Sorry to steal you're thunder on that one Inger, was just so pleased to finally get volume 1 after having it on order for 8 months..ha ha..The lady at The Store advised me they only had limited numbers so anyone interested had better be quick.
My whole house smells of varnish at the moment as I am building a nice little hinged topped wooden box to keep those 2 volumes safe in...
Nice to hear from you and I really am sorry I missed Dan & Steve's talk, will look forward to the pictures.
I pleased that Volume 1 arrived.
The talk at the Museum went well. If they want to organize another talk sometime in the future I'd be happy to attend. I'm sure Daniel would also.
The second printing has almost sold out.
Next time I'm down in Sydney, Daniel, myself, Inger and yourself can all meet-up for a coffee or an evening together.
It is coming up to a year since the books were released.
I hope that those that purchased the volumes have found they've meet / lived-up too their expectations.
On a slightly different note; the 100 year anniversary is just 36 months off.
People interested in arranging meet-ups, travel, accommodations etc will soon need to seriously look at making arrangements.
Trevor, that's quite a flash case you’ve made there mate.
I have two questions which I've been intending to post, but I somehow have managed to get sidetracked whenever I come to this site. Both questions involve photographs in the front of Volume 1 of TTSM. In one of the photos of TITANIC in Southampton, the caption points out what are explained to be propeller blades. I'm certainly not the expert that the authors are, however, there seems to be something not quite right about the suggestion that these are propeller blades. The position seems a bit awkward. Can anyone verify or provide information to suggest that there is even a logical reason as to why there would be propeller blades there? She wasn't in drydock.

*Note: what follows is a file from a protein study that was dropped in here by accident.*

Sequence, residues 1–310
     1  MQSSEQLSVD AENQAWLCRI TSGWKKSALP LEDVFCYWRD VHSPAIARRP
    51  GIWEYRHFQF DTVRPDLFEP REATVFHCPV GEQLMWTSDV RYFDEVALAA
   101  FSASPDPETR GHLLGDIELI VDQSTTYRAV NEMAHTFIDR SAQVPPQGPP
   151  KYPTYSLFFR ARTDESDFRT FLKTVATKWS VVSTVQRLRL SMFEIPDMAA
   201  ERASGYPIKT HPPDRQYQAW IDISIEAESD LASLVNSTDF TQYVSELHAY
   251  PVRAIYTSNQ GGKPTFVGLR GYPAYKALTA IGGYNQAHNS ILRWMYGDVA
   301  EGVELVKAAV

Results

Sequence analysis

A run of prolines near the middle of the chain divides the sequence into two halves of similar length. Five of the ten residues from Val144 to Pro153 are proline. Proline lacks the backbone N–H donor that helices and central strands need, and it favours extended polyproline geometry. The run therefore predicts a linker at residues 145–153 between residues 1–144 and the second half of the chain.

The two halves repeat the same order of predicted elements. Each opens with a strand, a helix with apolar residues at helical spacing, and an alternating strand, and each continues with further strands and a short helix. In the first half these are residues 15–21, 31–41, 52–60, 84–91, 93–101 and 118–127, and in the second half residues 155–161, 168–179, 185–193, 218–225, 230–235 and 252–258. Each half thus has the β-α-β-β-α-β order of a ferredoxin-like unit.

Secondly, several pictures in the same section suggest the TITANIC was "dressed" on Thursday, not Good Friday. Again, I am curious as to which it actually was. Every other caption I've ever seen states that she was dressed on Friday not Thursday. I know the majority is not always right(as elections often point out) but it does seem curious. Answers to either question greatly appreciated in advance!
Daniel is correct re: dressed in flags.
Regarding the props seen dockside, this was covered in the book 'Titanic & Olympic, The Truth Behind The Conspiracy.
In a photograph taken the day after Titanic departed, these props weren't there! Currently there is no supporting evidence these were actually loaded aboard Titanic.
I would however have thought with the dock as busy as it was on the day, why unnecessarily clatter it up with these blades / rail wagons.
Interestingly the berth had previously been occupied by Olympic.
Very interesting and thanks to those who helped to settle my curiosity. Steve,if in fact the propeller blades were loaded on TITANIC, is there any idea/speculation for what ship they were intended?
I assume that this postcard must have been discovered fairly recently since the many other images I've seen indicated Good Friday. Is that correct?
Just quickly David (I'm away for a few days tomorrow with cricket) re the prop blades - perhaps they’d been shipped down to Southampton on board Titanic. So they were ‘perhaps’ in the process of being unloaded onto the LSWR (London South-western Railway) wagons for transport elsewhere.
If they were a full set of Olympic class propellers (a spare set brought with them from Belfast), no facility at Southampton was available too have fitted them even if the circumstances required it.
It is a mystery indeed.
I’ll have a look into it further in a few days.
I would think that if the spare props were shipped anywhere, it would have been to Harland And Wolff, which had the only drydock capable of taking the Olympic class liners. If they weren't sets for the Olympics, they may have been intended for other ships.
Keep in mind that the photos show spare blades but this doesn't speak to which ship they were made for.